"After arriving in Misawa, I failed the BCA,” said Kilgore. “That was an eye-opener for me and I realized that I needed to work on this.
“By the time I took the next BCA, I lost about 15 pounds, but still failed,” he said. “I knew I was working hard but it seemed like I couldn't drop the weight and get over that hump. It was really discouraging to know I was that close and then fail again. I really needed help.”
Kilgore did not have to search long for help. Master Chief Electronics Technician Keith Weathers, originally from Pensacola, Fla., arrived at the command during this time frame and settled in as Kilgore’s departmental leading chief petty officer. Weathers quickly realized that Kilgore needed some healthy guidance and mentorship, so he took Kilgore under his proverbial wing.
"I told him that in order to fulfill the duty and responsibility of being a leading petty officer you must be the cream of the crop in all areas from leadership skills to physical fitness," said Weathers. "You can't lead or inspire your Sailors if you're not a role model for them. I showed him by leading by example, and the rest was on him.”
Weathers helped Kilgore overhaul his lifestyle so that he could ultimately not just pass the PFA, but also make healthy life choices. Together, they begin working out together and developed an early-morning workout routine.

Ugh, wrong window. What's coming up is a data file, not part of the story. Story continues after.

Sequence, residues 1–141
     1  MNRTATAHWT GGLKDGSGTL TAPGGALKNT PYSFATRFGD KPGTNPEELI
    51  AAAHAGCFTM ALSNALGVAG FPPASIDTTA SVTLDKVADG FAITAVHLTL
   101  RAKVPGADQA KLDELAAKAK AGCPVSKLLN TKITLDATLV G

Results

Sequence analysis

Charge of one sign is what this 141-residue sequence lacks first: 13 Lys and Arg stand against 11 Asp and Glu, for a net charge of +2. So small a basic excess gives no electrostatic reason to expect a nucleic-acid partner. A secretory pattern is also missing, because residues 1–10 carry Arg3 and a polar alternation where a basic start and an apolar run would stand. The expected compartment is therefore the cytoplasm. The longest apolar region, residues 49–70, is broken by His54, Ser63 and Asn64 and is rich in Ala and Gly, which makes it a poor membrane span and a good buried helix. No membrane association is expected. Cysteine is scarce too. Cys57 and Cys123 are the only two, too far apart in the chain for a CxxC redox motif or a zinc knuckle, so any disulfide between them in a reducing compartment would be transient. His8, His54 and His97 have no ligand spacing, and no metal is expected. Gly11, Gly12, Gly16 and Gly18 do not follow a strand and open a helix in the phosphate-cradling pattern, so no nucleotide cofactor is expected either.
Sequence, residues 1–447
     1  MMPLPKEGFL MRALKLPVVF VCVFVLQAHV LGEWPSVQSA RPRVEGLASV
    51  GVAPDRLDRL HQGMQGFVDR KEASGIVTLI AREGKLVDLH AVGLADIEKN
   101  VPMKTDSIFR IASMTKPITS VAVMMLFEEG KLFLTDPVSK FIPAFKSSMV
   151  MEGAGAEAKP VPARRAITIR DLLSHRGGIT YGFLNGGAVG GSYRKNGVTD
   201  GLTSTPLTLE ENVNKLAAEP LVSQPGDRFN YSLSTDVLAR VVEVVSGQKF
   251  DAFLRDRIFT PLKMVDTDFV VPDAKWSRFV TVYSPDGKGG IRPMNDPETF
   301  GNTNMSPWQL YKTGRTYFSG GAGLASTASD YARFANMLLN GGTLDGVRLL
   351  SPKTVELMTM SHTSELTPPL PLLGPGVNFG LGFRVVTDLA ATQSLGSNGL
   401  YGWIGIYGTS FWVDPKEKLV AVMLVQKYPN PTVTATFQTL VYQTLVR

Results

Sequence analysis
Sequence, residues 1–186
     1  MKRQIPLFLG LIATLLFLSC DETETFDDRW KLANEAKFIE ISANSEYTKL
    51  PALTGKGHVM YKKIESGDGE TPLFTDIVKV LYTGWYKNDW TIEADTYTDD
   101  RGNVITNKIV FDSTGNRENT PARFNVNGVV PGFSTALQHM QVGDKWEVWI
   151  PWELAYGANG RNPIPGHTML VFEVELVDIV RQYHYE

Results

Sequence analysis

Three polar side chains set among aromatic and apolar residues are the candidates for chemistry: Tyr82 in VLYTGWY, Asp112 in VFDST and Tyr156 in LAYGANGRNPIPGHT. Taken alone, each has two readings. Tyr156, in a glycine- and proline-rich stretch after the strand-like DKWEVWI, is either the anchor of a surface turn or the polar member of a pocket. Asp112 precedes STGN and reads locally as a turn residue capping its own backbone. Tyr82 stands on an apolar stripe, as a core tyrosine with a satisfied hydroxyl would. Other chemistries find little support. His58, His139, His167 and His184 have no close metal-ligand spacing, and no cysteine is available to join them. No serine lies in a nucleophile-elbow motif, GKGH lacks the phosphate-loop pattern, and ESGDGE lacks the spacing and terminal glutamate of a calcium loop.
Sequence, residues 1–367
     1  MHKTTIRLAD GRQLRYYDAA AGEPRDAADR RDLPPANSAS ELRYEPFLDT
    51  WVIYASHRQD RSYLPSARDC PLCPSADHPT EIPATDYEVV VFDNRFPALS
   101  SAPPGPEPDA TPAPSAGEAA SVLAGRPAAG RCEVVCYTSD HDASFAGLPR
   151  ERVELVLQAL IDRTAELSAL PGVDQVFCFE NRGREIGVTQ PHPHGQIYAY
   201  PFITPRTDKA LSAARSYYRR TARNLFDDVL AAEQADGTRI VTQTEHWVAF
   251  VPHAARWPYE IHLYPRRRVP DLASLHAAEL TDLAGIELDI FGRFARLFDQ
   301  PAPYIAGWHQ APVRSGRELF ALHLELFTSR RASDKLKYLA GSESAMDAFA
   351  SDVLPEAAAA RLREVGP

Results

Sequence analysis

Initially, Kilgore had a difficulty waking up so early and getting motivated to push through the challenge of reconditioning his body.
“It was hard at first, because I didn't like to work out early in the morning," said Kilgore. "So for the first couple of months of getting up at 4:30 a.m. were difficult, but I told myself that this was for my kids and my career. Eventually it became easier, and I got into a routine.
Through spin classes, weight lifting, basketball and regular command physical training, he found himself gaining an energy and drive that he never felt before during his naval career. Additionally, he cut out fast food, substituted fried foods with grilled alternatives, and drank water.
Now, as NAF Misawa prepares to conduct its Spring PFA in May, Kilgore already finds himself well within weight standards and feels great about what he has accomplished.
"I am within standards now, but realize it will always take work to stay here," he said. "After the PFA, I will continue with my routine, because I would like to lose 15 more pounds and achieve my personal goal. Once I get there I will maintain it through healthy diet and regular exercise."
Weathers is happy with the changes he’s seen in his leading petty officer, and said he is proud of Kilgore for taking charge of his fitness and career.
“Petty Officer Kilgore is a great example of what any Sailor can accomplish with a little motivation, dedication and hard work."
So after trudging through the bitterly-cold weather, Kilgore arrives at the fitness center, and is met by two Sailors, who themselves are in need of fitness guidance.
While Kilgore will always consider Weathers a mentor, today he is serving as a mentor as well. With his jovial demeanor, infectiously-positive attitude, and ever-tapering physique, the Sailors look to him for guidance with their own personal goals.
While the sun has yet to arise, the three enter the fitness center on this maudlin, spring morning. With smiles on their faces that belie the weather, they begin their routine, ultimately looking forward to what opportunity the day, and ultimately their career has yet to behold.